Thanks to cooperation and clever conservation, efforts to restore the California condor population have been largely successful. To quickly boost population numbers, researchers removed and hand reared eggs from captive birds, inducing them to lay multiple eggs, a process known as double clutching. While the real condor parents rear the second chick, researchers who use puppets to mimic adult condors rear the first!
To avoid death from interactions with humans, condor chicks were trained to avoid power lines, a significant source of wild condor mortality. Furthermore, lead poisoning from the ingestion of stray bullets in carrion accounts for 60% of wild condor fatalities, prompting legislation passed in 2008 that forbade the use of lead bullets throughout the condor’s range. In protecting condors, lead exposure for other species sharing the same habitat decreased as well. Thus, the California condor may be considered an umbrella species, a species whose conservation provides spillover benefits to other species in their ecosystem.
Thanks to an accelerated reproduction rate and a newfound wariness of humans, California condors flourished in captivity. Select condors from the captive breeding program were reintroduced into the wild in 1991, and while they are still critically endangered, their population has since rebounded from 22 to 425 individuals, an increase of seventeen fold. While stray lead bullets, habitat fragmentation, and bioaccumulation of toxins still pose a threat to wild condors, population trends are still increasing, prompting an ambitious goal of reintroducing condors to the Pacific Northwest.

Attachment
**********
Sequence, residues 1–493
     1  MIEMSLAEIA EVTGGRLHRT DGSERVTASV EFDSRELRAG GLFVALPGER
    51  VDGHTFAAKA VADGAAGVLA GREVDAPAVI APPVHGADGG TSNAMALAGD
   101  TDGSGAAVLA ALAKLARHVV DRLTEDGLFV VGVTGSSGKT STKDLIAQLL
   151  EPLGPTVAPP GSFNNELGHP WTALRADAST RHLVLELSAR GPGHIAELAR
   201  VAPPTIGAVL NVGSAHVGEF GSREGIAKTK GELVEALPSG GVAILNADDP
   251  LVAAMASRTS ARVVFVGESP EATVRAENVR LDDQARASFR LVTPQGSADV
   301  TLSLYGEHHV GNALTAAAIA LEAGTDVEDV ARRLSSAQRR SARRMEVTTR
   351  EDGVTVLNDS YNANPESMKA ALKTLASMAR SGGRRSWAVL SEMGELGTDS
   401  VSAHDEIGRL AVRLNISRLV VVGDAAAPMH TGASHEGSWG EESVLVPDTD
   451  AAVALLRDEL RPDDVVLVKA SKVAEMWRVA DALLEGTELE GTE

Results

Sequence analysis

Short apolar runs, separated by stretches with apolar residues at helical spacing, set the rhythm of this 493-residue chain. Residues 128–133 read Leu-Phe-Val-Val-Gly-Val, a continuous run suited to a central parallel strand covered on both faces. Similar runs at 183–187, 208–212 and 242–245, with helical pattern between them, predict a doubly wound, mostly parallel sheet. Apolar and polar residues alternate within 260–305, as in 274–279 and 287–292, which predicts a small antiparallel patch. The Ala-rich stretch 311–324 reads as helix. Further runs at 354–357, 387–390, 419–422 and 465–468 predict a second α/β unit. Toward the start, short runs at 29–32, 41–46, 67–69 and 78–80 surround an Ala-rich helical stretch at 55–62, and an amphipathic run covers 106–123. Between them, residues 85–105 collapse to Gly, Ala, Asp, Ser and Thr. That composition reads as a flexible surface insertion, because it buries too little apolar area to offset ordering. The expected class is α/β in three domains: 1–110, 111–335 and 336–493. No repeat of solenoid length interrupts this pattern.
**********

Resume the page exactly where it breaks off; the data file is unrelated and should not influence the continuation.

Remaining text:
Conservation efforts to monitor condors and foster further population growth are still underway in the southwest as researchers monitor condor behavior using camera traps. Initiatives such as Condor Watch use crowdsourcing to help researchers sift through photos of condors feeding to identify abnormal behavior indicative of lead poisoning to help inform their conservation efforts. Photos are screened by multiple users to maintain scientific accuracy, and the process saves researchers valuable time.
What YOU can do
Participating in crowdsourcing research is an easy way to aid in conservation projects and can foster a connection with wildlife and a deeper appreciation for scientific research. Zooniverse, an online portal that sponsors Condor Watch, has a number of other exciting citizen science projects. Snapshot Serengeti allows the public to go on a virtual safari by sifting through pictures of the Tanzanian savanna and identify a variety of species based on a provided field guide, while Penguin Watch prompts volunteers to count penguin adults, chicks, and eggs at a variety of roosting sites.
Explore some of the projects to get a better idea of what the research is all about and why it is important for conservation, and then get involved!
- Condor Watch and other crowdsourcing opportunities such as Snapshot Serengeti and Penguin Watch.
- Crowdsourcing for Conservation
- The Condor’s Shadow, a documentary that explains conservation efforts
- Shock therapy helping to bring condors back from the brink